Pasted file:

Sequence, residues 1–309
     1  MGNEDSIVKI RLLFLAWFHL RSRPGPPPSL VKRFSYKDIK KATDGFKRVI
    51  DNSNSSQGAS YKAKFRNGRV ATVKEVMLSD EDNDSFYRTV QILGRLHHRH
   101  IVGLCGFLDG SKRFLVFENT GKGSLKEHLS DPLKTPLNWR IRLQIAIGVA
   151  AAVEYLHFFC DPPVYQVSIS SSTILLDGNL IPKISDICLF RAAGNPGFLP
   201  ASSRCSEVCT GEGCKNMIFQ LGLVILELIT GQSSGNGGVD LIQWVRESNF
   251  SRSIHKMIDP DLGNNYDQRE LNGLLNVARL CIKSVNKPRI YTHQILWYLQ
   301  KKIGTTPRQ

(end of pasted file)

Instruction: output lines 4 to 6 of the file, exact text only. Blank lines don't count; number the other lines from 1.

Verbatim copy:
   101  IVGLCGFLDG SKRFLVFENT GKGSLKEHLS DPLKTPLNWR IRLQIAIGVA
   151  AAVEYLHFFC DPPVYQVSIS SSTILLDGNL IPKISDICLF RAAGNPGFLP
   201  ASSRCSEVCT GEGCKNMIFQ LGLVILELIT GQSSGNGGVD LIQWVRESNF